Addressing the Commons last week, Housing Minister Kris Hopkins said more could be done to improve the private rented sector (PRS). While he rightly drew attention to the high-satisfaction rate amongst tenants, he also highlighted tackling rogue landlords, increasing the number of homes rented by large-scale professional operators and stimulating more house building as top priorities. Overall, his comments showed a healthy awareness of the good work being done by the majority of landlords and a willingness to let them get on with it. Although these sentiments are welcome, much more detail is required in other areas. Mr Hopkins did get the ball rolling with a shortlist of Build to Rent projects to stimulate house building but when it comes to rogue landlords it is unclear precisely how ‘politicians, practitioners and professionals [will] challenge the behaviour’. Specific plans are needed to help the tenants of such landlords as well as to improve the reputation of good landlords.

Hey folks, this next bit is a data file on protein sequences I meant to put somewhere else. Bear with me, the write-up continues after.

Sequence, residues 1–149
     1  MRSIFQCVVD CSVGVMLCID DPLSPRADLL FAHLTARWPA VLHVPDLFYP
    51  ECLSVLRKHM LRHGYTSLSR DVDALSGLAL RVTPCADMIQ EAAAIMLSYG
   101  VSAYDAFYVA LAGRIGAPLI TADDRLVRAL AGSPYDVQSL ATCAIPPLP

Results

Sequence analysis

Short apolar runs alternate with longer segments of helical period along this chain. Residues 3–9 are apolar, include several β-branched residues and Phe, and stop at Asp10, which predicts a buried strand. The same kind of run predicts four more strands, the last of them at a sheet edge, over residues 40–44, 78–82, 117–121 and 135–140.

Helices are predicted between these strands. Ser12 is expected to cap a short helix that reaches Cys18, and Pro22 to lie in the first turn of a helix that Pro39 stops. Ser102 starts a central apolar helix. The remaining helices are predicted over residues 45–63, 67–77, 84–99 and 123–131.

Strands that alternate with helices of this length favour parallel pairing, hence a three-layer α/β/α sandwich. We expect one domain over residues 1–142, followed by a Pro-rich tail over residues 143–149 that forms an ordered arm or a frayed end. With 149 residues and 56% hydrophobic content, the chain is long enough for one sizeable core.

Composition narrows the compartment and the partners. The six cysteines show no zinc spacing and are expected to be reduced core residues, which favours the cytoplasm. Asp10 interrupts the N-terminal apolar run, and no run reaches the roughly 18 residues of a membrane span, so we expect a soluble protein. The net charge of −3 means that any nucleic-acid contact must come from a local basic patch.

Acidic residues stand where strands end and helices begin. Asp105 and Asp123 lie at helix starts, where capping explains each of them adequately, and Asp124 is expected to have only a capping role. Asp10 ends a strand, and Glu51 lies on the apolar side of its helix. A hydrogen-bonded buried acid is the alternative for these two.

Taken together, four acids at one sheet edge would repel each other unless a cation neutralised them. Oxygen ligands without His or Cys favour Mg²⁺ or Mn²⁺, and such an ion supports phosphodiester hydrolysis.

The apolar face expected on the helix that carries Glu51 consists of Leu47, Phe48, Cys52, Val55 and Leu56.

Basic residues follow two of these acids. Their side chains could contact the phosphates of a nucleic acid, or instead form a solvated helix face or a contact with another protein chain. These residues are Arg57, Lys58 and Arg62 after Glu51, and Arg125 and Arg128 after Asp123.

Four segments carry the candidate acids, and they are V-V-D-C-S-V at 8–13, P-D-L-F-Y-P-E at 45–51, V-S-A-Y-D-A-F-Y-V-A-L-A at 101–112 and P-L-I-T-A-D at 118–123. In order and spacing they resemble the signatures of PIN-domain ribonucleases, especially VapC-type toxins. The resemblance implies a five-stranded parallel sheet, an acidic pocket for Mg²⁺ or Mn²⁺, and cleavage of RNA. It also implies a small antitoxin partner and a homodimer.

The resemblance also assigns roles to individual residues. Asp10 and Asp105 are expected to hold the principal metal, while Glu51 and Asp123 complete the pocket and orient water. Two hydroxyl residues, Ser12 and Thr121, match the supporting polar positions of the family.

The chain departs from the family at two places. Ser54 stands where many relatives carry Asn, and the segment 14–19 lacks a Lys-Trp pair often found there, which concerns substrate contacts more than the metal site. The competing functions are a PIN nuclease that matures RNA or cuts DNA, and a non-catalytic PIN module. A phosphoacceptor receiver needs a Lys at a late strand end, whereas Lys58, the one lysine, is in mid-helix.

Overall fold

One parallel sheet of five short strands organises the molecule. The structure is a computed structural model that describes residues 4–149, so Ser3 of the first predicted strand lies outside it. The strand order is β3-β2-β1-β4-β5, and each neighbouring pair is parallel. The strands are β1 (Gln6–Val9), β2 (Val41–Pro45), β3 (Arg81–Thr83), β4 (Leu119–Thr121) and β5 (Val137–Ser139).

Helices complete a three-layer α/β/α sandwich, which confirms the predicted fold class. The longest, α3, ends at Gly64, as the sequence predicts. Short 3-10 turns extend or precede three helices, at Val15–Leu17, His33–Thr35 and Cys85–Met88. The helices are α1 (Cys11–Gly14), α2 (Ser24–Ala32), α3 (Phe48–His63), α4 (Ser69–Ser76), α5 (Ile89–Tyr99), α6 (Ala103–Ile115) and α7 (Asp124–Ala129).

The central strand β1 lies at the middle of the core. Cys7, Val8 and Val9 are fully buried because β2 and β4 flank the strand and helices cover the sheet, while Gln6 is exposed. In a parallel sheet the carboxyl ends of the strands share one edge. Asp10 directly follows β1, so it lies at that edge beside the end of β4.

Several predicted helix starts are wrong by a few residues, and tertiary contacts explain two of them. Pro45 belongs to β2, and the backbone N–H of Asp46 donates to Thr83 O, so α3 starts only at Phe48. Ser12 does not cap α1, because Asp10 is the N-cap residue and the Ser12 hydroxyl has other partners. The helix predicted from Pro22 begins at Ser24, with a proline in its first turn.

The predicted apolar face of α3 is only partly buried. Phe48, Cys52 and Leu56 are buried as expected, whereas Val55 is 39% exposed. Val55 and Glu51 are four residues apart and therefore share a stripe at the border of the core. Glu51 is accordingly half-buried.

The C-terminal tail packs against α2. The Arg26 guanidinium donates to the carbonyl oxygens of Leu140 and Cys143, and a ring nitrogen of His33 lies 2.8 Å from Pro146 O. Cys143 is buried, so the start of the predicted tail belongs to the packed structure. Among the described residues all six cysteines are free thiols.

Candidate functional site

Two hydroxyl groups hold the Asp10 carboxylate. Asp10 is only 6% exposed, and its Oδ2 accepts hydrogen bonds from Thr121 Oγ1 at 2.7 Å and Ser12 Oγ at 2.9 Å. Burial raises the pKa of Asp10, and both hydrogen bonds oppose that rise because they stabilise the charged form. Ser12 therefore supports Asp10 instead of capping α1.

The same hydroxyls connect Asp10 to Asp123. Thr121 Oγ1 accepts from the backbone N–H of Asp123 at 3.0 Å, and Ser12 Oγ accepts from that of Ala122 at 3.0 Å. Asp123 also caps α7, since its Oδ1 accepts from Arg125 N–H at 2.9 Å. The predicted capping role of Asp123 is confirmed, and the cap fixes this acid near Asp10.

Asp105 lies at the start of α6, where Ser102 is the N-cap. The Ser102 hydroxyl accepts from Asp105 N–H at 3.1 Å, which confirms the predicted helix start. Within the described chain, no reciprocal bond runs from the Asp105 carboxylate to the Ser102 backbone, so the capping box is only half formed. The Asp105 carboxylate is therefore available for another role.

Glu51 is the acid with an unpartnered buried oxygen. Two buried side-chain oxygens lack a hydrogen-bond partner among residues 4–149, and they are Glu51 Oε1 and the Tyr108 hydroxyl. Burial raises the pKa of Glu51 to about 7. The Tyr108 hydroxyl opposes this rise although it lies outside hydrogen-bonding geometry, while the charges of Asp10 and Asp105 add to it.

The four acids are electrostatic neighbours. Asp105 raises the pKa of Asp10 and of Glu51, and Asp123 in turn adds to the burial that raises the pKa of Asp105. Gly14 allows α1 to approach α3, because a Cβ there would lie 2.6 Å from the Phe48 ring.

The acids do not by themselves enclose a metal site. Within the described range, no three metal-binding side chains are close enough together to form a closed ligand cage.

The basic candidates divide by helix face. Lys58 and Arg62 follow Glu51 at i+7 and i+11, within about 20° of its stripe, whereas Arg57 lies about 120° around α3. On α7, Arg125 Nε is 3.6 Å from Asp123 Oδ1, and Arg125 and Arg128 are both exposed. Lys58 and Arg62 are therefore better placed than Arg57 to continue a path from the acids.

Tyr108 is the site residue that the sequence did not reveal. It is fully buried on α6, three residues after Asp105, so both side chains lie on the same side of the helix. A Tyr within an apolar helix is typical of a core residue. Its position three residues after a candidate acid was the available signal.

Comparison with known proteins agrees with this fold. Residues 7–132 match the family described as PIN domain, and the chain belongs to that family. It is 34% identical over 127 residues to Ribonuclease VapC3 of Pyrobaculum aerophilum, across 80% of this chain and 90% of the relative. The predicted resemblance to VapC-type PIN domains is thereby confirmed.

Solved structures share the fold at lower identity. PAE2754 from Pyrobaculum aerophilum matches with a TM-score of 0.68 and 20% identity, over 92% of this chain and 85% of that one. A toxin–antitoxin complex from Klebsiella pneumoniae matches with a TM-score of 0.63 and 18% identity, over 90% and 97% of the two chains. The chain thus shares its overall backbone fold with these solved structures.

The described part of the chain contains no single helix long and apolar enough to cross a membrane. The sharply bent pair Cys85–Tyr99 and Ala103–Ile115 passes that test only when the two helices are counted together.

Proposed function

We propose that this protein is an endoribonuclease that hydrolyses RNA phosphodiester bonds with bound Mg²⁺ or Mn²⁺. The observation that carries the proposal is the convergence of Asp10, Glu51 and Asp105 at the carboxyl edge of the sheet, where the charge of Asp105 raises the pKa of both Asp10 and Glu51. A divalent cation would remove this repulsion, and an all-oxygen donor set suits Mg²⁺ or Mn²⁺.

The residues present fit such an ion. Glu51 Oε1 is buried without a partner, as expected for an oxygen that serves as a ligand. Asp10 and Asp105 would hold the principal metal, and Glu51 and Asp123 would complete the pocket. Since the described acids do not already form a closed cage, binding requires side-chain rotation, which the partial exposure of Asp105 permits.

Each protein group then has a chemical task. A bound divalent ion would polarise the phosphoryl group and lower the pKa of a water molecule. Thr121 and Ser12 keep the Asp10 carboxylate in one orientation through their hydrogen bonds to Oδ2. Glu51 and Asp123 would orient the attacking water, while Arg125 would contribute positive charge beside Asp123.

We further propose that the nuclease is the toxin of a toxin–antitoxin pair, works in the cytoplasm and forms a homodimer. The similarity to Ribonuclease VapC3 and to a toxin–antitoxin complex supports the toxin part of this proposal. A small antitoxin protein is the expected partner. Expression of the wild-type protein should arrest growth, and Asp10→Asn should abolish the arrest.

A further effect of dealing with rogue landlords would be to convince the public that renting can ultimately be just as attractive as home-ownership. This is important since PRS will be a cornerstone of future housing policy. Another key way to help achieve it would be through longer-term tenancies, a fact highlighted in a recent EU discussion paper. This would encourage more people towards renting instead of home ownership, helping to stabilise house prices, something which may well prove beneficial for everyone in the long term. The government should certainly take note of the EU’s conclusions in this instance.
The focus which PRS in the UK is coming under from both the government and Europe underlines its ongoing strength and importance. But it is vital that everyone can voice their opinions on what can be done to improve the sector. Eviction firm Landlord Assist, for example, is pushing for evictions to be streamlined, since court proceedings are currently subject to lengthy delays. This should benefit landlords and good tenants alike, since it would free up more properties more quickly. The question is whether the timing is sensible when the reputation of landlords must be protected. The risk of damaging headlines about ‘making evictions easier’ could well see the government avoiding such proposals.